Warren Throckmorton, an antigay psychology professor at a small Pennsylvania conservative-Christian college, is a prolific writer on behalf of the ex-gay movement. (Google search.)
Unfortunately, Dr. Throckmorton sometimes bases his commentaries upon his own stereotypes about gay activists. He even gets their names wrong.
For example, on Sept. 1 he wrote an op-ed, quoted by an ex-gay Yahoo group, that begins with false assumptions about a D.C. gay activist group, the Gay and Lesbian Activists Alliance, and proceeds to issue further assumptions built from his original mistakes.
Gay activist groups must really want to avoid ex-gays. Now that’s a bold statement but witness the new love of the First Amendment by some gay rights organizations and their supporters. For instance, the oldest gay activist group in the nation, the Gay Activists Alliance of Washington (GLAA) came out in support of the National Education Association’s refusal to allow the Parents and Friends of Ex-Gay and Gays (PFOX) to exhibit at the NEA’s national conventions.
Dr. Throckmorton ignores GLAA’s solid record as a gay libertarian organization devoted to ensuring the First Amendment rights of private organizations — and to ensuring that taxpayers are not compelled to subsidize private organizations, particularly when they discriminate.
This support is no surprise but the rationale is remarkable given the antipathy of most gay groups and the NEA towards those who wish to exercise their First Amendment rights to exclude gays from various private or religious functions.
No, the rationale is not remarkable. Dr. Throckmorton seems to be ignorant of several gay rights organizations that seek not to legislate tolerance at the Boy Scouts, but rather to cut off the flow of taxpayer money to private groups, such as the Boy Scouts, that violate community standards of tolerance. In other words, the Boy Scouts can be as discriminatory as they wanna be, but they may not cheat the taxpayers. And if the Boy Scouts do collect taxpayer handouts, then they must either refrain from discrimination or pay considerable fines for misusing taxpayer funds.
… What I don’t understand is what the NEA gains by exercising its right to discriminate.
Dr. Throckmorton’s claim not to understand is difficult to believe. He would surely object to PFOX being required to allow pro-tolerance and anti-bullying groups to distribute literature and videos at PFOX meetings. (In fact, PFOX already does this. It even bans advocates of tolerance and nonviolence from its e-mail discussion group.)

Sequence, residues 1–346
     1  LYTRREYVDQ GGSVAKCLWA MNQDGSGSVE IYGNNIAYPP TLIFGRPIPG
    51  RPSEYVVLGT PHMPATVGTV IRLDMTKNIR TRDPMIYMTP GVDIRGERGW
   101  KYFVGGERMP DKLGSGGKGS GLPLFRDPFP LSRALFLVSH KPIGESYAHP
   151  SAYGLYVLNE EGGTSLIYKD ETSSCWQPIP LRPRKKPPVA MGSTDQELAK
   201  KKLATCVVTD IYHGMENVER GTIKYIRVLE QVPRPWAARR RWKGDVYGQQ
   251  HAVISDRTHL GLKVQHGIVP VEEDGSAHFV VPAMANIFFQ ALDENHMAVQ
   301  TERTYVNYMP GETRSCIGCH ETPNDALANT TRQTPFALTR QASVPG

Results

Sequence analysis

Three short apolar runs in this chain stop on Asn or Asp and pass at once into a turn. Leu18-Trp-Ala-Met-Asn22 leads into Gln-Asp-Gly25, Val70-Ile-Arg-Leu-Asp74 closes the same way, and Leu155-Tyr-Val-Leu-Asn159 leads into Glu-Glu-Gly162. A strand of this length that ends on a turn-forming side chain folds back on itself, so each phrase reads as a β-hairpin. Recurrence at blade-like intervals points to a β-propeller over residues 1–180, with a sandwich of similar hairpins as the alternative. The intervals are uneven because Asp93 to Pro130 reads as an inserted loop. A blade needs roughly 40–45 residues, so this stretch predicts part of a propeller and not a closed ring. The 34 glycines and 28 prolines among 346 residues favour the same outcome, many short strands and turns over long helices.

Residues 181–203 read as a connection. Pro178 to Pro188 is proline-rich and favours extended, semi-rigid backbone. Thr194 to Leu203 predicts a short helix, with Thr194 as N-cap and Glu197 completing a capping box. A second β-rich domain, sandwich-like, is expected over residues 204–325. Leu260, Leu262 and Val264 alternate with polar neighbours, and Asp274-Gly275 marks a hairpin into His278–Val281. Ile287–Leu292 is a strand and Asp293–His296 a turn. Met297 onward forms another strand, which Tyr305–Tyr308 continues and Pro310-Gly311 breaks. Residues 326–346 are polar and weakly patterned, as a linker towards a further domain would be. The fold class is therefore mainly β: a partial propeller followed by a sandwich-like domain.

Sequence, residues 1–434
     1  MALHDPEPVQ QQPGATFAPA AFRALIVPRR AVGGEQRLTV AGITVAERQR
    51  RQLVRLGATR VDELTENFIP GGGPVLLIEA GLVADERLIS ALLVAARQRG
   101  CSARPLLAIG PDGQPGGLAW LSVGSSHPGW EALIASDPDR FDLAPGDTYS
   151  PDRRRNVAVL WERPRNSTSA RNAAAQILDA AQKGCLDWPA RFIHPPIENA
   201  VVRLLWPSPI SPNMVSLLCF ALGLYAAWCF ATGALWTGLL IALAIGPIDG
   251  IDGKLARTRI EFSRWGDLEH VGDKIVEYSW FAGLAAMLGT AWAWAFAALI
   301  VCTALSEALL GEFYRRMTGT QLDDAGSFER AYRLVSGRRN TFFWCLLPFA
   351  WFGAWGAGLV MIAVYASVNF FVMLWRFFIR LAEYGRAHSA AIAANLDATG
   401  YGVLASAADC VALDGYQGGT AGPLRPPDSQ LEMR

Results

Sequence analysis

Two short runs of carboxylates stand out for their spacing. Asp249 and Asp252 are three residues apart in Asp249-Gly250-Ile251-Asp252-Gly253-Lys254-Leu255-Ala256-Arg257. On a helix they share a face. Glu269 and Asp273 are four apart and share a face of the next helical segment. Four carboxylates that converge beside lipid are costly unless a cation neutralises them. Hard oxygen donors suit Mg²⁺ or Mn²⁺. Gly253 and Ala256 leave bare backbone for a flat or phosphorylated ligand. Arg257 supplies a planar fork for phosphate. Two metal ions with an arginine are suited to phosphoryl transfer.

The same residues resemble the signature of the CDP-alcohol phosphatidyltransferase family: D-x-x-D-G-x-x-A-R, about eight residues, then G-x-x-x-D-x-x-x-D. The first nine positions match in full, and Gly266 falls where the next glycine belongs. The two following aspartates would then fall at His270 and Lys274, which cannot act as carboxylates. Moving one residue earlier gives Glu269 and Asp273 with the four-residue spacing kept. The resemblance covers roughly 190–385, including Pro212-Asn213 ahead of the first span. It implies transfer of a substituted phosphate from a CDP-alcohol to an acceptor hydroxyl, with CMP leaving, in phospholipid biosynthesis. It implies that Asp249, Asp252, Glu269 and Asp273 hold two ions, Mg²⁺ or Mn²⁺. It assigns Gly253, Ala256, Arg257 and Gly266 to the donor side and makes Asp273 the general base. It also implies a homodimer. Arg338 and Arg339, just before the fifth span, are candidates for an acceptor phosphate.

What the NEA believes it gains is simple: A clear message to teachers that — contrary to the policies of PFOX — bullying and religious proselytization have no legitimate place in the public schools.
If PFOX does not wish to be discriminated against by other private organizations, then it must refrain from promoting discrimination. In Christianese, PFOX must love thy neighbor, and treat thy neighbor as PFOX wishes to be treated. But neither PFOX nor Dr. Throckmorton subscribe to that particular Christian ethic.
Thus, what kids hear about sexuality in public schools may be influenced by NEA materials. With the NEA blatantly excluding any information about the flexibility of sexual orientation and options other than gay affirming, how will impressionable and confused school kids get a fair chance to evaluate all their options?
Dr. Throckmorton’s argument is, again, disingenuous. PFOX propaganda, which is available from its Yahoo group, favors antigay discrimination, tolerates bullying in the schools, and strives to deny “confused school kids” opportunities to evaluate options other than discredited reparative therapies, even when their parents are gay-tolerant.
The PFOX message is that science has not proven the origins of sexual orientation to be genetic or inborn…
Not quite true. PFOX’s officers and Yahoo group members maintain that sexual orientation is entirely environmental — the result of bad fathers, homosexual “recruitment,” and demonic possession.
… that people change their sexuality frequently …
This is an untruth, and a trivialization of sexuality, that NEA rightly does not want preached at school children. Sexuality is somewhat fluid, but far from easy to change. Even ex-gay activists reject Dr. Throckmorton’s misstatement.
… and that identifying as gay or lesbian too early can lead to risky sexual experimentation.
“Too early”? Again, this line of argument is factually erroneous and disingenuous. Dr. Throckmorton does not want people to EVER identify as gay or lesbian. Furthermore, risky experimentation results from sexual confusion and from the ignorant hostility of adult role models, such as parents. People who come to terms with their sexual attractions, with guidance from apolitical and respectful parents or other adults, have far less need to experiment.
Do the leaders of the NEA think there are no ex-gay teachers, ex-gay school counselors, ex-gay parents of school students or adolescents with same-sex attraction who refuse a gay identity? This is another good question for us to pose to the NEA.
No, it’s a question to pose to PFOX and Dr. Throckmorton. Both refuse to come forward with public examples of the ex-gay teachers, counselors and parents that they claim exist.
It is the responsibility of PFOX and Dr. Throckmorton, not the NEA, to improve the tattered credibility of PFOX.
The First Amendment is a wonderful tool when applied consistently. Libertarian gays come close to achieving such consistency — defending PFOX’s freedom of speech while opposing its attempt to seize another organization’s soapbox. Dr. Throckmorton, unfortunately, remains selective in his application of the First Amendment: He seeks carte blanche for PFOX to speak anywhere, while he seeks to limit the NEA’s freedom to control its own message.